Sunday, July 19, 2009

The Art of Caring at NOMA


I had approached it with trepidation. The New Orleans Museum of Art's THE ART OF CARING: A LOOK AT LIFE THROUGH PHOTOGRAPHY was obviously put together with good intentions and a roster of great photographers, but could it really live up to its promise? Or would it simply be one of those institutional efforts that we are supposed to find deep and moving but which can also seem two- dimensional? Perhaps because of its variety, CARING escapes that fate–it is actually entertaining and quirky, as well as touching, thoughtful and beautifully executed. In fact, it is really a great show.

Assembled for NOMA by independent curator Cynthia Goodman, it features over 200 photographs intended to “explore the moments that shape our being.” Divided into seven sections ranging from LOVE and CHILDREN to AGING and REMEMBERING, it is very thorough. But unlike typical documentary exhibitions, CARING blends classic photo-reportage by legendary news photographers like Alfred Eisenstadt and W. Eugene Smith with the work of way more whimsical artists such as Arthur Tress, Sally Mann and Nan Goldin, among others. The result is often ironic as well as colorfully compassionate.

Annie Leibovitz sets the tone with a portrait of an elderly man. Look again, and it’s William Burroughs looking ancient at age 80, and here a stock geriatric shot suddenly seems much more complex. Another old guy appears with a cute little girl in Marco van Duyvendijk’s EAGLE KEEPER AND GRANDDAUGHTER, MONGOLIA, an unusual take on the familiar generational contrast theme. Joel Myerowitz’ ELEMENTS illustrates WELLNESS in an underwater view of a woman diving in a graceful arc, only here it’s displayed upside down so she seems to be flying upward in a surge of bubbles. Albert Chong’s AUNT WINNIE is elegiac, a black and white view of a woman enshrined in brilliantly colored flora. Like the rest, it embodies the timeless cycles that comprise the essential and ineluctable nature of life on this earth. ~Eric Bookhardt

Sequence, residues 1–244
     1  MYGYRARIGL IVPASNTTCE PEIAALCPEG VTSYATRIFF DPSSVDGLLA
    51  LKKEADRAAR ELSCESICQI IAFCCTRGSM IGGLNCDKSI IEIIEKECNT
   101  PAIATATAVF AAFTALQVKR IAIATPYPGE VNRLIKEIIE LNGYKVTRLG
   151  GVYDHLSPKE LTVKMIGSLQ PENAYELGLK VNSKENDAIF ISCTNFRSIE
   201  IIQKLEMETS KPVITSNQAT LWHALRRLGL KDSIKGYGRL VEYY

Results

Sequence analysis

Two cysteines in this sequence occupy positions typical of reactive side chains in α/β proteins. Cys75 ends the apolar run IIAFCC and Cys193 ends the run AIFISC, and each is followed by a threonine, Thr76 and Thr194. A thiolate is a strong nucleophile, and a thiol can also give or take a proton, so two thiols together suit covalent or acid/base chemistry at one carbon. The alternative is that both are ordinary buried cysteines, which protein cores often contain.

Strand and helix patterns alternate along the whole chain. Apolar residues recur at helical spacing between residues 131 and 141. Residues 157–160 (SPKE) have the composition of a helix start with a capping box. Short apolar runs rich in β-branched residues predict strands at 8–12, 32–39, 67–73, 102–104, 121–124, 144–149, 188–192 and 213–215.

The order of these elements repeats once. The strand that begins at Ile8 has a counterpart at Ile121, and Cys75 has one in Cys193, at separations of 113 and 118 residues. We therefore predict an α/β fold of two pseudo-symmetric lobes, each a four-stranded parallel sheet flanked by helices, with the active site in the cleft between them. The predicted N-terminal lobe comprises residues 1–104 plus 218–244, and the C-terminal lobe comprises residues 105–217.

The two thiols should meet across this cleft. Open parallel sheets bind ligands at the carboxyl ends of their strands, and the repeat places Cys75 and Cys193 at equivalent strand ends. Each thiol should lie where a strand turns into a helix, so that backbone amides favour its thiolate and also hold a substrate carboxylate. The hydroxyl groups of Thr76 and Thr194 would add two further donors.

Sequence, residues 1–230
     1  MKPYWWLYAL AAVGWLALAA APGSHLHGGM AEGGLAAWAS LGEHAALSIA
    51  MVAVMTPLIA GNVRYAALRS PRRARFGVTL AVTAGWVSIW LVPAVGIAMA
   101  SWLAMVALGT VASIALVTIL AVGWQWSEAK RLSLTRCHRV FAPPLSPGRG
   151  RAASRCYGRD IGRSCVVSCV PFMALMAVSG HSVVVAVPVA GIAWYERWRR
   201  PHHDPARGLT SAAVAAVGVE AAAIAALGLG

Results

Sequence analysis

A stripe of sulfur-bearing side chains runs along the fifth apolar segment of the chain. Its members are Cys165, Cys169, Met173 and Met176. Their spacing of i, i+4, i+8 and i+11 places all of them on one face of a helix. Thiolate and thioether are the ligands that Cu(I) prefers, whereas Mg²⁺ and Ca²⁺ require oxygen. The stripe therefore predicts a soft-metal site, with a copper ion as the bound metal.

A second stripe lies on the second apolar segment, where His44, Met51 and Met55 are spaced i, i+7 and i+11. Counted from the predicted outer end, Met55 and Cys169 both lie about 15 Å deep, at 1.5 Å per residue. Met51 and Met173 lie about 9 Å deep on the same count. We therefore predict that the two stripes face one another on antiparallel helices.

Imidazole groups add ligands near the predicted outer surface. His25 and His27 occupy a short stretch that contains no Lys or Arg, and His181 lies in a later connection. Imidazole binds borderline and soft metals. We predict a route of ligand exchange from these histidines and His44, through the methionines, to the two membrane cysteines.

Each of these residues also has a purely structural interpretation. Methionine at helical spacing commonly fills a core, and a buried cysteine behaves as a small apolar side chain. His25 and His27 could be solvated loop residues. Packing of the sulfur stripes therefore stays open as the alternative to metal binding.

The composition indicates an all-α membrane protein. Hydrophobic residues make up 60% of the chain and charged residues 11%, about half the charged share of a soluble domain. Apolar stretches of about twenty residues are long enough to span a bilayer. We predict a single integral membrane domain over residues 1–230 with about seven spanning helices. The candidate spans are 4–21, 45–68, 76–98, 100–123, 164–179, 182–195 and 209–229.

The Art of Caring: A Look at Life through Photography
Through Oct. 11
New Orleans Museum of Art, City Park, 658-4100; www.noma.org

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